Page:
Pfizer closing in Ann Arbor feels like a lifetime ago
The calendar doesn’t lie: Five years ago, Ann Arbor learned that its largest private employer was closing.
The news, as I wrote at the time, made “all of Ann Arbor reel from the blow.”
At stake was the looming vacancy of 2 million square feet of offices and labs, the pending loss of 2,100 jobs, the unending questions about what it meant for the future.
Five years later, that January day in 2007 it feels like a lifetime ago instead of 60 months.
There’s also the short conversation with a trusted source who nervously called that same weekend to tell me that I shouldn’t be surprised when news come from New York that ould be devastating to Ann Arbor.
And I recall the shock of learning on a Monday morning that, indeed, Pfizer was planning to leave Ann Arbor. The impact, at that moment, seemed enormous.
The enormity of the moment grew into a specter that dominated Ann Arbor as it strove to keep its balance while its world was shifting.
We talked about leadership and mobilization and how losing Pfizer was a regional problem and not happening in a northeast Ann Arbor bubble. We fought to keep the employees in Ann Arbor by urging more startups and hiring. We anticipated who could be hurt amid the loss of tax base, payroll, home owners.
Yet somewhere on that road to keep the Pfizer closing from devastating Ann Arbor, the route blurred.An economic downturn turned into full-blown crisis by fall 2008, letting Ann Arbor know that uncertainty was defined by far more than 2,100 lost jobs and a 2 million square foot vacancy.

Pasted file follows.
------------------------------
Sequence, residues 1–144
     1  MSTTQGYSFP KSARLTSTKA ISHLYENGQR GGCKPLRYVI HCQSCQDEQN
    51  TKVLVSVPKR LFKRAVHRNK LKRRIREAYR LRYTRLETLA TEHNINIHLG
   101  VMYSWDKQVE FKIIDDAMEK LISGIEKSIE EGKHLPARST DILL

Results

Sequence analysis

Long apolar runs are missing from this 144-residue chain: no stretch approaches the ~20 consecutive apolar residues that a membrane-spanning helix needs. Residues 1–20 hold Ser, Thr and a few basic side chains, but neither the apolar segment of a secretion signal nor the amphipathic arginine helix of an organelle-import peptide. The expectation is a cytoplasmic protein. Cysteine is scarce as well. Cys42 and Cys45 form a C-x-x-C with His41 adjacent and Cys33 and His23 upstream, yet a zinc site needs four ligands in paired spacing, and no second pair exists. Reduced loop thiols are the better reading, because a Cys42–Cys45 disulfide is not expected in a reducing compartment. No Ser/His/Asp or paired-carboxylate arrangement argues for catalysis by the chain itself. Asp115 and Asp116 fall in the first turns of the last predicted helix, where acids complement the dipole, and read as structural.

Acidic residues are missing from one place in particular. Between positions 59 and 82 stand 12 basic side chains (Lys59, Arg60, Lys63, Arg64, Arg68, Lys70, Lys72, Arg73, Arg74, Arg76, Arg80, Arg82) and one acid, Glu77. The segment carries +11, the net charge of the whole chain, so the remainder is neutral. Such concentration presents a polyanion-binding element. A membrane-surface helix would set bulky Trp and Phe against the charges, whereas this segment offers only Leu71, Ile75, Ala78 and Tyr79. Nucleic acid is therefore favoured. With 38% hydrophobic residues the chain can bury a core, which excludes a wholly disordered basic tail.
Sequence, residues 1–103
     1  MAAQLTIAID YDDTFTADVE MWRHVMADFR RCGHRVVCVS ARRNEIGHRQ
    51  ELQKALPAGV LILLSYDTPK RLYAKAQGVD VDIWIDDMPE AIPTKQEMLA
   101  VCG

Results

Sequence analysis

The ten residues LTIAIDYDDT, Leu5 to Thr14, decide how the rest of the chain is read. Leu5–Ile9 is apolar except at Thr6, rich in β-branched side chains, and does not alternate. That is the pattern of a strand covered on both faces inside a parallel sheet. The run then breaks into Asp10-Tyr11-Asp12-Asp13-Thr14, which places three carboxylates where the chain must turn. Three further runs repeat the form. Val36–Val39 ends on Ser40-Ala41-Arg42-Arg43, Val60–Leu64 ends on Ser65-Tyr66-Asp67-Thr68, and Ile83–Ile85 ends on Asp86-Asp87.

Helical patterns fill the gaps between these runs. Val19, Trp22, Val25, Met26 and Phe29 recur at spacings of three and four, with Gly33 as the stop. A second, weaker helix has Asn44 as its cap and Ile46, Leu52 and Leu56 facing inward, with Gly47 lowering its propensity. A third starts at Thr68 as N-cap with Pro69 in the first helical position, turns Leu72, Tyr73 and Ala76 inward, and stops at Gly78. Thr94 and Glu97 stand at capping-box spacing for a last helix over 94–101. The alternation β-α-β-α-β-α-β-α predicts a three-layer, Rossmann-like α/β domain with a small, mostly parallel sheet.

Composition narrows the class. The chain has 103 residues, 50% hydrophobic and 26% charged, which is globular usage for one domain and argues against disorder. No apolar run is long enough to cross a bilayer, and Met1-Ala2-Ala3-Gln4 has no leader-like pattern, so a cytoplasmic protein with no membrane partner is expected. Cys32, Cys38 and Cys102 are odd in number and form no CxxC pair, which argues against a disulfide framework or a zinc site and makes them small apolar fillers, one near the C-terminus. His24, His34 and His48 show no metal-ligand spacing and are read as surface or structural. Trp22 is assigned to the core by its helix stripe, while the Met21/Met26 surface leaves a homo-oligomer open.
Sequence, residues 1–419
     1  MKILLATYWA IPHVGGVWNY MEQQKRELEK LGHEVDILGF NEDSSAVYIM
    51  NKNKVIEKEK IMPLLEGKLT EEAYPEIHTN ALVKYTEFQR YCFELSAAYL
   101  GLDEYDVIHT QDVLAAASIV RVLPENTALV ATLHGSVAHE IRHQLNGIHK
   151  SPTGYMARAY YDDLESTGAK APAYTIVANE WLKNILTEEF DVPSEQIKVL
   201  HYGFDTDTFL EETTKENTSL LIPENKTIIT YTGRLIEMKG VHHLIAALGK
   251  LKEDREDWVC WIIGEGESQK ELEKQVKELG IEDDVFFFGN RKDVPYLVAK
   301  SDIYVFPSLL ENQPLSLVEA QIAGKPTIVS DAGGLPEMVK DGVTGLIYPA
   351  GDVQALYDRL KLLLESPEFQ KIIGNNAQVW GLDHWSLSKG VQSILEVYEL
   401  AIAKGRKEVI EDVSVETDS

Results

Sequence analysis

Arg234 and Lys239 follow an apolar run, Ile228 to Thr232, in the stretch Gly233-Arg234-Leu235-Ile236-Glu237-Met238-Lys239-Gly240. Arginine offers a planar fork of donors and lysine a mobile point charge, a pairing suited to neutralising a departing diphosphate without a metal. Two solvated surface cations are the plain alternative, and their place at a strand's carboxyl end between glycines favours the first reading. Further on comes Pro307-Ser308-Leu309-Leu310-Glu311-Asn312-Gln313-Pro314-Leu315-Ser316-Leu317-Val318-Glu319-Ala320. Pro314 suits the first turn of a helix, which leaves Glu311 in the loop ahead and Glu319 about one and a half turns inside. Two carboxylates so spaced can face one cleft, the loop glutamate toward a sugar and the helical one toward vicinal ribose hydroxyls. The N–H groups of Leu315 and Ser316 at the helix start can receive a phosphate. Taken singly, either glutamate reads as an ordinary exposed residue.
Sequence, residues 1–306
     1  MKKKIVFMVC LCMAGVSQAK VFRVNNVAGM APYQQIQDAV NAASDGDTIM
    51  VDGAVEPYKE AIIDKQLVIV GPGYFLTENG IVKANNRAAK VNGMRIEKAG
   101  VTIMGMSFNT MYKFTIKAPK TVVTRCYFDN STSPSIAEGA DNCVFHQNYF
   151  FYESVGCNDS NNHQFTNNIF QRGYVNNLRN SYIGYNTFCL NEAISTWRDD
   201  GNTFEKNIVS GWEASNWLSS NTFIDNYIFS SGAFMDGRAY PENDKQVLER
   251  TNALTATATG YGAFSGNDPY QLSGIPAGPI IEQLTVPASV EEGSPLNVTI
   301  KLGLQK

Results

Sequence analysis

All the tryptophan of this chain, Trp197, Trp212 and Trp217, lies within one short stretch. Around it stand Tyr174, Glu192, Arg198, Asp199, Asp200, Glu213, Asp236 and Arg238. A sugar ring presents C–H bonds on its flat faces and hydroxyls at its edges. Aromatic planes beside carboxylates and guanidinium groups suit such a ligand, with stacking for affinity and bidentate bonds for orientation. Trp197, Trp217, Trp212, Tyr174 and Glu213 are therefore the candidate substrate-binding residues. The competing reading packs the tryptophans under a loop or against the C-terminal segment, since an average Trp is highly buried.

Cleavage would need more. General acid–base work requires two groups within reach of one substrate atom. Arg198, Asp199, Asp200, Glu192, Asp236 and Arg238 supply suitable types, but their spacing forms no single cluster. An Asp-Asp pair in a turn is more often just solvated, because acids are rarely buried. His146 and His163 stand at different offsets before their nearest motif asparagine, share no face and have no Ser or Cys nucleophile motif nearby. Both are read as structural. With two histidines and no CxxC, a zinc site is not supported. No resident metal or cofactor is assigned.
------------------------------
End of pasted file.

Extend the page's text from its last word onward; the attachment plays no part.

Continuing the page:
And a few months later, the University of Michigan stepped into the void, landing the real estate bargain of a lifetime when it purchased the campus for $108 million. Suddenly, we knew what would happen to the property. Not the details, but the direction: It was coming off the tax rolls as it rolled into U-M’s vision for its research and future.
That move was soothing, in a way. We all had more to worry about at that time.
Today, considering the Pfizer experience, it feels like Ann Arbor experienced a happy ending. The number of U-M employees at the campus has moved from dozens to hundreds to about 1,000 today. Someday, I’ll even stop calling it the “ex-Pfizer property.”
Getting to that place hasn’t been without hurdles. I lost neighbors. My children’s elementary school lost parent leadership and my kids lost friends. Home values fell, businesses lost regular customers, nonprofits lost a benefactor. The city lost tax revenue.
But all of that happened as the world was changing, too: Jobs were lost. Retirement funds eroded. Industries faded. The nation worried about its future, and our state fared poorly.
Looking back, that seemed to make the worry and planning over the Pfizer departure seem like practice for the bigger crisis.
The initial fears about Pfizer’s loss to Ann Arbor simply had to fade. At some point, while the city was rebuilding, we even became that “bright spot” so often mentioned when people talk about Ann Arbor’s role in this state.
I know I’m not alone in thinking that January 2007 seems like a very, very long time ago.
I don’t look backwards. None of us really can: We still have to fight that bigger fight to get Michigan and the nation back on track.
But I can say that the experience did make us stronger. Beyond that, it just feels like distant history.